The George Sand-Gustave Flaubert Letters eBook

This eBook from the Gutenberg Project consists of approximately 452 pages of information about The George Sand-Gustave Flaubert Letters.

A word from you, which I remembered, has made me reread now the Fair Maid of Perth.  It is a good story, whatever one says about it.  That fellow decidedly had an imagination.

Well, adieu.  Think of me.  I send you my best love.

XLVI.  TO GUSTAVE FLAUBERT, at Croissset Nohant, 1867

Bah! zut! troulala!  Well! well!  I am not sick any more, or at least I am only half sick.  The air of the country restores me, or patience, or the other person, the one who wants to work again and to produce.  What is my illness?  Nothing.  Everything is all right, but I have something that they call anemia, an effect without a tangible cause, a breakdown which has been threatening for several years, and which became noticeable at Palaiseau, after my return from Croisset.  An emaciation that is too rapid to be within reason, a pulse too slow, too feeble, an indolent or capricious stomach, with a sensation of stifling and a fondness for inertia.  I was not able to keep a glass of water on my poor stomach for several days, and that brought me so low that I thought I was hardly curable; but, all is getting on, and I have even been working since yesterday.

You, dear, you go walking in the night, in the snow.  That is something which for an exceptional excursion, is rather foolish and might indeed make you ill also.  Good Heavens!  It is not the moon, it is the sun that I advise; we are not owls, obviously!  We have just had three spring days.  I wager that you have not climbed up to my dear orchard which is so pretty and which I love so much.  If it was only in remembrance of me, you ought to climb up every fine day at noon.  Your work would flow more abundantly afterward and you would regain the time you lost and more too.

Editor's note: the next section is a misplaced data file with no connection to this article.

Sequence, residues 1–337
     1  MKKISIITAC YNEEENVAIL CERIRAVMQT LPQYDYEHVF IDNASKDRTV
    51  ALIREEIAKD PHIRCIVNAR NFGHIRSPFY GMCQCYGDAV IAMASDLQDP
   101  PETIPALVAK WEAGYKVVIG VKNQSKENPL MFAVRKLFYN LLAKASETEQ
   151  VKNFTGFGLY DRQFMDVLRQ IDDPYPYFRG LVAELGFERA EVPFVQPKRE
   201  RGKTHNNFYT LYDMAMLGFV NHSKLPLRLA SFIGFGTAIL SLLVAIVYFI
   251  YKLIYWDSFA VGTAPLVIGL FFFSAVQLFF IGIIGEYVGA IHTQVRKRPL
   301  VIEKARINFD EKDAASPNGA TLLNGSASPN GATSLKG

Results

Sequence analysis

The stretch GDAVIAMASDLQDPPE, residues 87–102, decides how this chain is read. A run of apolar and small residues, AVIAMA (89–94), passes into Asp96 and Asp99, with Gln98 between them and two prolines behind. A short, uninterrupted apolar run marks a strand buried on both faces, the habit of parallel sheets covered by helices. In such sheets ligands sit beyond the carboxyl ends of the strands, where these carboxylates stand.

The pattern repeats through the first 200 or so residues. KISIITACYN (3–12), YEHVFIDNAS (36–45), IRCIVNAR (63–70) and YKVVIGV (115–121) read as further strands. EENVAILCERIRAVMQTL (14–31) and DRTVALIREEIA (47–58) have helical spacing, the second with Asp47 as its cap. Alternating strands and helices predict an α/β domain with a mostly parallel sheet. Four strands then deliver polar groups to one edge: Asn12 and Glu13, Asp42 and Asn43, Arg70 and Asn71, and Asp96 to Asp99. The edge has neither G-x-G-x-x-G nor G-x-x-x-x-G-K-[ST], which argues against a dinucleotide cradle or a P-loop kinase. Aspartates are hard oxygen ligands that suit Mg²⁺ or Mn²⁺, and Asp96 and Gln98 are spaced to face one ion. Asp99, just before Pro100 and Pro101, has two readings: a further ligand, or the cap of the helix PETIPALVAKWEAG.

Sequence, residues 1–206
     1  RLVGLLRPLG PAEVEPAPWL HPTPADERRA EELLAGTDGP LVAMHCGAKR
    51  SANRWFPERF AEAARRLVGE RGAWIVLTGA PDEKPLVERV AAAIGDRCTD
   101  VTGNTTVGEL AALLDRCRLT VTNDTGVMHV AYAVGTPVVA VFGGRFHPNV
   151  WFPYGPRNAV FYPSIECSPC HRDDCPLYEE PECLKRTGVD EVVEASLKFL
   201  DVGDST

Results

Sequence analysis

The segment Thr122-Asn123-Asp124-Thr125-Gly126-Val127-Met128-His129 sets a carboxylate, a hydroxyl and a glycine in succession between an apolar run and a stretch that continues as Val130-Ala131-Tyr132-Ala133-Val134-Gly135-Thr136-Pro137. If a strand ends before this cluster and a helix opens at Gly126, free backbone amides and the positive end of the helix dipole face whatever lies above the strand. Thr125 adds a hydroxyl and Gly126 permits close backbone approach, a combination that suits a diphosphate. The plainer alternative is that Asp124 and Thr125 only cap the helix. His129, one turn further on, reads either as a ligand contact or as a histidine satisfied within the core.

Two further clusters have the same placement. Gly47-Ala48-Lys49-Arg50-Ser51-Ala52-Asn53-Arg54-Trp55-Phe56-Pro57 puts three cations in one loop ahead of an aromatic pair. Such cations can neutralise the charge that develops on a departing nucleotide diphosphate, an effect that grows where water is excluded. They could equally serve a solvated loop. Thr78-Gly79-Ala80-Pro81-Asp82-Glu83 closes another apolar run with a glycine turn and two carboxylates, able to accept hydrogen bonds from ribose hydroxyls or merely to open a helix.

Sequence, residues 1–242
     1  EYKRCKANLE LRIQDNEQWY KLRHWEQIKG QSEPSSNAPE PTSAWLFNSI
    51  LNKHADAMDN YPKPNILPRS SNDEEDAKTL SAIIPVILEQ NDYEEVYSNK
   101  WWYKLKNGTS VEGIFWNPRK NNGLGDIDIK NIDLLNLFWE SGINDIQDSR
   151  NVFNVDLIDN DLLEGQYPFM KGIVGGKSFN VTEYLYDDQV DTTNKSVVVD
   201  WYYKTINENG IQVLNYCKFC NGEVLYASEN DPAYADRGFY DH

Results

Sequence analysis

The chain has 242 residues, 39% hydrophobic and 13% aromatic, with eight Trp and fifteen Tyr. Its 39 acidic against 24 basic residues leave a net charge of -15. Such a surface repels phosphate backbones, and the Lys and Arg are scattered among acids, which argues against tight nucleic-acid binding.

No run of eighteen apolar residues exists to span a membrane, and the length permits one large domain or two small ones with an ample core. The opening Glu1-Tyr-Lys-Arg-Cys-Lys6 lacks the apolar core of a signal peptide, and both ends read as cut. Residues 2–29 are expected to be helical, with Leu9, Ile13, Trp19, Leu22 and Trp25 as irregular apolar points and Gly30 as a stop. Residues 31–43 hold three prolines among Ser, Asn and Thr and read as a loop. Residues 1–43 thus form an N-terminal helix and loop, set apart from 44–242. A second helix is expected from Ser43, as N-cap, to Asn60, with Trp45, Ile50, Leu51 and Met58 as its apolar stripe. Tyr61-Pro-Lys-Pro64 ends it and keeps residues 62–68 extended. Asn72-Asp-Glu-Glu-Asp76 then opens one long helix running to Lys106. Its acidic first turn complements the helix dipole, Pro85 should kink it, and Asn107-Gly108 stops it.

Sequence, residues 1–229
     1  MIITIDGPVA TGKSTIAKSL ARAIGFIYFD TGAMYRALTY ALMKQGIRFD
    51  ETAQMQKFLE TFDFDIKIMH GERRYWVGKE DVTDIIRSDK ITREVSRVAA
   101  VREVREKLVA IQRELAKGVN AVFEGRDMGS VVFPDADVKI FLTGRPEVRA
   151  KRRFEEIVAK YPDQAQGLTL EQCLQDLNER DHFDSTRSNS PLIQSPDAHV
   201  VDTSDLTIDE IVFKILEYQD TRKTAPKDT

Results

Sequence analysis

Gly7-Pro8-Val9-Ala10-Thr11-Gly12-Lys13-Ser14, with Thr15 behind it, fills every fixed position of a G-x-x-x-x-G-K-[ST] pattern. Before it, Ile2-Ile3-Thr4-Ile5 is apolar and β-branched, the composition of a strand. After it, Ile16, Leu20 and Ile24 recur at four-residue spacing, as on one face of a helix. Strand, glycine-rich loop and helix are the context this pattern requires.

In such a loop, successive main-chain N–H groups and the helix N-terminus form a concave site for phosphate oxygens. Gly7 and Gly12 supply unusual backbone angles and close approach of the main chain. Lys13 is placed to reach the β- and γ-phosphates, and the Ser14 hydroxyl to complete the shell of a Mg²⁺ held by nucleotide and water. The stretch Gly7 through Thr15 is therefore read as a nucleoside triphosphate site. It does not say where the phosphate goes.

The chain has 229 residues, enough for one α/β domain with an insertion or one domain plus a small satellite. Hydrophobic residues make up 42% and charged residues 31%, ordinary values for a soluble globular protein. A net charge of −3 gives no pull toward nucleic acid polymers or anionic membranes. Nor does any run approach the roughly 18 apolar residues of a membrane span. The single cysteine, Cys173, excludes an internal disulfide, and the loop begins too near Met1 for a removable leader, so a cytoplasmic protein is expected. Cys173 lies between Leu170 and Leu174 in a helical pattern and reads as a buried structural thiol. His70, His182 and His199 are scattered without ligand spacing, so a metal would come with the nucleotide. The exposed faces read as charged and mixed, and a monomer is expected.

Then you are worrying about money?  I don’t know what that is, since I have not a sou in the world.  I live by my day, work as does the proletarian; when I can no longer do my day’s work, I shall be packed up for the other world, and then I shall have no more need of anything.  But you must live.  How can you live by your pen if you always let yourself be duped and shorn?  It is not I who can teach you how to protect yourself But haven’t you a friend who knows how to act for you?  Alas, yes, the world is going to the devil in that respect; and I was talking of you, the other day, to a very dear friend, while I was showing him the artist, a personage become so rare, and cursing the necessity of thinking of the material side of life.  I send you the last page of his letter; you will see that you have in him a friend whom you did not suspect, and whose name will surprise you.

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The George Sand-Gustave Flaubert Letters from Project Gutenberg. Public domain.
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